Weight of public expectation threatens Irish ambitions

Six Nations' Championship: Grand Slam decider puts Dublin in state of fervour as Johnson's men look to rid themselves of unwanted tag
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The Independent Online

They say in these parts that when an Irish team denies England a Grand Slam, it is the second best feeling in the world – a one-liner so stingingly accurate that there is not a rugby community anywhere on the planet, from the valleys of Wales to the farmlands of New Zealand, who would not happily claim it as their own. Clive Woodward's championship favourites, top of the global ratings and brimming with a bulldog spirit that is all too easily mistaken for swaggering arrogance, are never the most popular arrivals in town. Any town. It is a fact of life, and one they must deal with at Lansdowne Road tomorrow afternoon.

They say in these parts that when an Irish team denies England a Grand Slam, it is the second best feeling in the world – a one-liner so stingingly accurate that there is not a rugby community anywhere on the planet, from the valleys of Wales to the farmlands of New Zealand, who would not happily claim it as their own. Clive Woodward's championship favourites, top of the global ratings and brimming with a bulldog spirit that is all too easily mistaken for swaggering arrogance, are never the most popular arrivals in town. Any town. It is a fact of life, and one they must deal with at Lansdowne Road tomorrow afternoon.

Woodward, who loves to wrap himself in the flag of St George, is up for the contest, as usual. "I'm pleased we're playing away from home: it's all there for us to say that we have a great team," the coach said yesterday. "The encouraging news for England is that people are talking about us. Three or four years ago, we weren't taken seriously; now, everyone is trying to spot our flaws. The more people have a go at us, the more I'm aware that we're getting under their skins. Good. It shows we're moving in the right direction. One of the reasons we would love to win this Grand Slam is that it would shut off another line of criticism."

Fighting talk. And England will need to fight tomorrow, not least because Ireland are within 80 minutes of the best feeling in the world, bar none: some Grand Slam ecstasy of their own. The uniqueness of the occasion – never in 120 years of championship rugby have these two nations engaged each other in a match of this magnitude – has led to the locals splashing out the best part of £1,000 for a black market terrace ticket in the blissful hope of seeing the Big Country brought to its knees. England are not simply playing 15 blokes in green shirts. To borrow Francois Pienaar's phrase from the 1995 World Cup, they are taking on an entire population.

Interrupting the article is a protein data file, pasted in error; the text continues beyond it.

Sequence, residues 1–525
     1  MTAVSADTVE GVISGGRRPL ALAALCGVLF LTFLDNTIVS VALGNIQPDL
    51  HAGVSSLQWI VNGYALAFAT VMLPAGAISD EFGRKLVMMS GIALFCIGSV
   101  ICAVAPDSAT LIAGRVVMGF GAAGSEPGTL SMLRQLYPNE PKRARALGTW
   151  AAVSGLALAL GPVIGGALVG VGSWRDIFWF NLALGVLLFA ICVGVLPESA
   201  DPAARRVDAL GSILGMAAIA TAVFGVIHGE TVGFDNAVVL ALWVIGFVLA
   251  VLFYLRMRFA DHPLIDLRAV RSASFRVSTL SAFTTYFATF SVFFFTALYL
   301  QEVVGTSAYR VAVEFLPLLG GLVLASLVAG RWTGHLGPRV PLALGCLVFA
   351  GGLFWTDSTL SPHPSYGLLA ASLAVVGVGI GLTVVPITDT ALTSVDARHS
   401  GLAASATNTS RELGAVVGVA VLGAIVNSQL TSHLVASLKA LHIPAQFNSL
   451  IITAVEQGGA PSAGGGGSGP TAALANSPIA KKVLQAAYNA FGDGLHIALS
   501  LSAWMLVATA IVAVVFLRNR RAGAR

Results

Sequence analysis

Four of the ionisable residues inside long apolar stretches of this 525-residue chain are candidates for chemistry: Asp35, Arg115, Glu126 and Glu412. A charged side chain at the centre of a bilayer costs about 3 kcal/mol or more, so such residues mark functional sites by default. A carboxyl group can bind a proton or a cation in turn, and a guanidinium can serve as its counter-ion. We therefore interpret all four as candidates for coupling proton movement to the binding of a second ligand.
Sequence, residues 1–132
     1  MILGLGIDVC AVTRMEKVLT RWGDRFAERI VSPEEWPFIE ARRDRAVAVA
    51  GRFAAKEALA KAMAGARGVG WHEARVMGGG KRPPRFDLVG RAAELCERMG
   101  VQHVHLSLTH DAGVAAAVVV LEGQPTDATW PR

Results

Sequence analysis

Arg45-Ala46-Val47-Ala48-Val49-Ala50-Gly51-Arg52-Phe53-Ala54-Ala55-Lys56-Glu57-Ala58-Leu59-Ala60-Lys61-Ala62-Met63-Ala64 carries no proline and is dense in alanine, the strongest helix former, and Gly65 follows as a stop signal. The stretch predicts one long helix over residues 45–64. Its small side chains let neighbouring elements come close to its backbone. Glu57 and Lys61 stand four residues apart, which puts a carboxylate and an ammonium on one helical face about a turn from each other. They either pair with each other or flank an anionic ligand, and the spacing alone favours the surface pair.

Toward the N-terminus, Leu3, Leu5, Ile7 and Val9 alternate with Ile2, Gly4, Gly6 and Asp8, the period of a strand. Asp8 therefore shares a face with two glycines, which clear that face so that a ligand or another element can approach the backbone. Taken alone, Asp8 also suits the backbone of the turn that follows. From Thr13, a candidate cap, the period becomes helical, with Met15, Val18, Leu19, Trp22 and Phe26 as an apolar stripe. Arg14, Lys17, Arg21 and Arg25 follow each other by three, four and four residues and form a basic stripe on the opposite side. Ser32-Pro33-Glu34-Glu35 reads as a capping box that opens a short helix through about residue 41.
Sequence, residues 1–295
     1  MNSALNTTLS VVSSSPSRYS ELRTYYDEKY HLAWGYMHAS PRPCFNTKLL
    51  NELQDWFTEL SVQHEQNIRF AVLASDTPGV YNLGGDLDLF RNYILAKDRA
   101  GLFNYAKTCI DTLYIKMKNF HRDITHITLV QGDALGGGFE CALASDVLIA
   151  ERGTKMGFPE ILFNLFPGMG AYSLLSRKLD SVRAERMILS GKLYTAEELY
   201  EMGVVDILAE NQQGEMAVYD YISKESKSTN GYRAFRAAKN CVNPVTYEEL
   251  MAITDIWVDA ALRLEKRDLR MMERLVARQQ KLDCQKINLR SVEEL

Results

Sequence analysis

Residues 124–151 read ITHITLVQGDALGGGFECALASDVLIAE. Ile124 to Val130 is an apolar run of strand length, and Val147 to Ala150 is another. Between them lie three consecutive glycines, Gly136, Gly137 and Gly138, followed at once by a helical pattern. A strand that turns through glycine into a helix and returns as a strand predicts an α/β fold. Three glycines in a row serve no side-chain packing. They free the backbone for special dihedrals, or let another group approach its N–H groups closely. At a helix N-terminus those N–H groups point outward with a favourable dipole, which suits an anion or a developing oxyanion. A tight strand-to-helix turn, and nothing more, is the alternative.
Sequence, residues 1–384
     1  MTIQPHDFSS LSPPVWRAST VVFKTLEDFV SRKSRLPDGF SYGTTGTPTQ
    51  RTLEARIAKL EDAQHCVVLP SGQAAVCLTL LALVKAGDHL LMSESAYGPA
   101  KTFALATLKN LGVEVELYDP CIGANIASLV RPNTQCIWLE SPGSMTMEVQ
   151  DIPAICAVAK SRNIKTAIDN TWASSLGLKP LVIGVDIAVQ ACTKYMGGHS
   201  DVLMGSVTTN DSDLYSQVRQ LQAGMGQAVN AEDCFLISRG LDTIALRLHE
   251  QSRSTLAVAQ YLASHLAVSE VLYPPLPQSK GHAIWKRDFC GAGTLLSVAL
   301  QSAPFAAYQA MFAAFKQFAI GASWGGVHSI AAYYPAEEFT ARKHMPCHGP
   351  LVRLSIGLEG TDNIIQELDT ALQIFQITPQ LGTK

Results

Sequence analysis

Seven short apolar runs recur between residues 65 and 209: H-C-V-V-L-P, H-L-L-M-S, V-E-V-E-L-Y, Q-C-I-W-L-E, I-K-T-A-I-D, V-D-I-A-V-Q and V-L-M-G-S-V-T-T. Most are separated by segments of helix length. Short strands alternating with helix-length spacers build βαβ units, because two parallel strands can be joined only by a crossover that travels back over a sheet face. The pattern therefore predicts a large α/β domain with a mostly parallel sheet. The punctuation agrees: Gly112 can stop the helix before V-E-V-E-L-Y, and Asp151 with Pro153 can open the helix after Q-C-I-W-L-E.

What is more, it is a population with a new-found belief in the Almighty, who currently goes by the name of Brian O'Driscoll. Every second Dubliner seems to be wearing a T-shirt with the words "In BOD we trust" emblazoned across it. But if O'Driscoll, playing in his home city, has a following all to himself, he is far from alone in operating at a level not associated with an Irish vintage for the best part of two decades. Geordan Murphy, Denis Hickie, Malcolm O'Kelly and the new open-side bandit from the Leinster province, Keith Gleeson, have all been on fire during this Six Nations; in addition, Ireland will bring two match-winning outside-halves to the table in the contrasting shapes of David Humphreys and Ronan O'Gara.

No one seriously disputes that this is the most potent Irish team of the professional era, toughened by a ruthlessly élitist domestic set-up and imaginatively coached by Eddie O'Sullivan. And yet. The sight of O'Driscoll and Murphy, brilliant attackers both, kicking away hard-earned ball in Cardiff last weekend betrayed a nervousness born of public expectation – the great undoing of numerous fine sides down the generations. The main reason, perhaps the only reason, that Ireland are still waiting for a second Slam, more than half a century after the first, is that they cannot bear the burden of their own excellence.

If England hold their nerve – a big if, admittedly, in light of their repeated failures at the business end of Grand Slam campaigns – they should take advantage of this glitch in the Irish psyche. They are better and meaner in the tight five, although the recalled Ulsterman Gary Longwell will not give an inch, no matter many dark stares and big right-handers he receives from Martin Johnson; they have more flexibility in the back row, where Richard Hill is playing some wonderful stuff; and their wide finishers, Jason Robinson and Ben Cohen, are game-breakers who score tries for fun.

But it is far from correct to suggest that England will never have a better chance of righting the wrongs of the eight long years since they last completed a full house of championship victories. For all Woodward's bullishness about the joys of rugby travel, they would far sooner be playing this one at Twickenham. Indeed, they would rather be anywhere but here.

"I know nothing about rugby – never been to a match in my life," said a Dublin taxi driver yesterday morning. "But I'll be watching this time and, by Christ, I hope we beat you." With the two best feelings in the world on offer, there is not an Irishman alive who would have disagreed with him.

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